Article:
Security experts agree that Redmond’s latest operating system is the most secure version of Windows yet, as it comes with several new technologies and enhancements to protect users, both online and off.
In fact, most are of the view that Windows 8 will be harder to hack, as its core security is not just amped up to new levels, but Microsoft very actively fixes exploits, flaws and vulnerabilities as they are found — to the disappointment of hackers and cybercriminals, I am sure.
Chris Hallum, a senior product manager on the Windows team detailed in a blog post how much emphasis the software titan put on security as it sat down to design Windows 8.
The new operating system was developed with security in mind right from the very beginning:
“Our goals were to provide ground breaking malware resistance, make data encryption easy enough that everyone can deploy it, and finally we wanted to modernize access control. We understand that these goals can’t be achieved in software alone and that we needed to anchor our security in immutable hardware.”
Hallum also describes the three hardware technologies Microsoft implemented — Universal Extensible Firmware Interface (UEFI), the Trusted Platform Module (TPM) 2.0 and the Encrypted Hard Drives — that Microsoft has employed to protect user data and keep it secure:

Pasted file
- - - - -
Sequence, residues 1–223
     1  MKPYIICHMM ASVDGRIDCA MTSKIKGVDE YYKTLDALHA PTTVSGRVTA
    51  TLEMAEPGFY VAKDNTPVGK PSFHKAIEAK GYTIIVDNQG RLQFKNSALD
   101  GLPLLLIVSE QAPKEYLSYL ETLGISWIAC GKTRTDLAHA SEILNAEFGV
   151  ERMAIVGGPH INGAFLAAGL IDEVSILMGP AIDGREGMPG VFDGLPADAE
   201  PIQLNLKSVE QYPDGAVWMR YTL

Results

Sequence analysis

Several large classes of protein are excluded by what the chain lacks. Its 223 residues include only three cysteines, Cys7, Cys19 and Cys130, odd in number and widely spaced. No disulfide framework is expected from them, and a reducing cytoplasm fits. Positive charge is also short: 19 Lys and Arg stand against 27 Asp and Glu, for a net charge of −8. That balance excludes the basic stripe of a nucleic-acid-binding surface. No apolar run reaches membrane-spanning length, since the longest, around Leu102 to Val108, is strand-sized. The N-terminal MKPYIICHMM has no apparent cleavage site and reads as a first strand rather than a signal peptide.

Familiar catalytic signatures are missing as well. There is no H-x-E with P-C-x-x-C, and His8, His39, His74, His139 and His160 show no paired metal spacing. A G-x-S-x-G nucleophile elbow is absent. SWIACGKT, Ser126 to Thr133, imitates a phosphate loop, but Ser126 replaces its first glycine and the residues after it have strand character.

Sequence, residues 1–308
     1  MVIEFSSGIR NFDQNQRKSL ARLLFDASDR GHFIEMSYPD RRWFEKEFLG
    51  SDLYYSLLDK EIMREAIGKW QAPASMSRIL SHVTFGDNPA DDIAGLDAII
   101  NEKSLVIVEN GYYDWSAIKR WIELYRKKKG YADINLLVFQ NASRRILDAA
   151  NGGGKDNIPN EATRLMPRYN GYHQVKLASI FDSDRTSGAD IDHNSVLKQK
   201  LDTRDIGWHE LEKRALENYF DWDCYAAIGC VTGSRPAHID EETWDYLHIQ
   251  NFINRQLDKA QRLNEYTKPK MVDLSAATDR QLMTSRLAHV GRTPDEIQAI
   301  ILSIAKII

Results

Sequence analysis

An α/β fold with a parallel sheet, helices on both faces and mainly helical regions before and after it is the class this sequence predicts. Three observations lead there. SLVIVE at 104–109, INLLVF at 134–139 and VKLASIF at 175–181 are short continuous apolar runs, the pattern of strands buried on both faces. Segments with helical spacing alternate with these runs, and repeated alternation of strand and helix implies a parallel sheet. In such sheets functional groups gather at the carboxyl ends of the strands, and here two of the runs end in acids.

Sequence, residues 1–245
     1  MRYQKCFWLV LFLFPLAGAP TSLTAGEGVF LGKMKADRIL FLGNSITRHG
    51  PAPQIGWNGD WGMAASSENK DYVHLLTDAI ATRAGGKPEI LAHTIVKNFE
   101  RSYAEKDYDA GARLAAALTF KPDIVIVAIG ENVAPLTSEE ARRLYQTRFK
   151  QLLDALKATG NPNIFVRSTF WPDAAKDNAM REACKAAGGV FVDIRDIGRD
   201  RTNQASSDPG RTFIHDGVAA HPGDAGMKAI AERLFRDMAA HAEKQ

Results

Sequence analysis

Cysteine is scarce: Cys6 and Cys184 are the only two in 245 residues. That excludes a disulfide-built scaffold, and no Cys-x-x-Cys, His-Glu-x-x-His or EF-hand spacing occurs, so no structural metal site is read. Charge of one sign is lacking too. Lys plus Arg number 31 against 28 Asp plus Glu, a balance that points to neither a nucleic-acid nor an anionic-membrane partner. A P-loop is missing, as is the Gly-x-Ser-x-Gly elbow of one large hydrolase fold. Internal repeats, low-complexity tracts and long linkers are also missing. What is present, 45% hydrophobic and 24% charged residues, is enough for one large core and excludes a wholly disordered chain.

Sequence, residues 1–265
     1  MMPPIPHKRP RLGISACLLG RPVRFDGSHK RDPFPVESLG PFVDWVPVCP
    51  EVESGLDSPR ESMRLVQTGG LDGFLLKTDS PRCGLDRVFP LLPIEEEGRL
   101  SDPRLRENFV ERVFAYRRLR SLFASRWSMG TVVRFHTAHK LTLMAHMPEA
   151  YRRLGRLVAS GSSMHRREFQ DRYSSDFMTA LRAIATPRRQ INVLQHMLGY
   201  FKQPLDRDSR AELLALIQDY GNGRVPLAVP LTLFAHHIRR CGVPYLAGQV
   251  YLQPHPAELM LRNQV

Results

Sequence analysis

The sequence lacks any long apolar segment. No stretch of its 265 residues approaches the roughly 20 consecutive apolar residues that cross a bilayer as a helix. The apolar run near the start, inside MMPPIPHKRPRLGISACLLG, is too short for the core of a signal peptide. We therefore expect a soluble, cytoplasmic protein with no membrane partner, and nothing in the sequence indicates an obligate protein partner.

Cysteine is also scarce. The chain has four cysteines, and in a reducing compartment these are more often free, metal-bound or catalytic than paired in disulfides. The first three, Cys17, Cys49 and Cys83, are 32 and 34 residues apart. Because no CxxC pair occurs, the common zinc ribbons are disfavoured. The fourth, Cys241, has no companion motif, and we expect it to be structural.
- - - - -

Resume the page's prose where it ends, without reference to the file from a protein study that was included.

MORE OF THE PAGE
“Early on in the Windows 8 product cycle we worked closely with our partners in the hardware industry to make sure that the hardware necessary to achieve our goals would be available as options or even as fundamental requirements for Windows 8 Hardware certification.”
These enhancements probably sound highly technical for most people, but their implementations go a long way in keeping cybercriminals and their prying eyes away from Microsoft’s newest OS.
If anything recent reports suggest that most hackers have turned their attention to greener pastures and (comparatively) less secure operating systems like Google’s Android.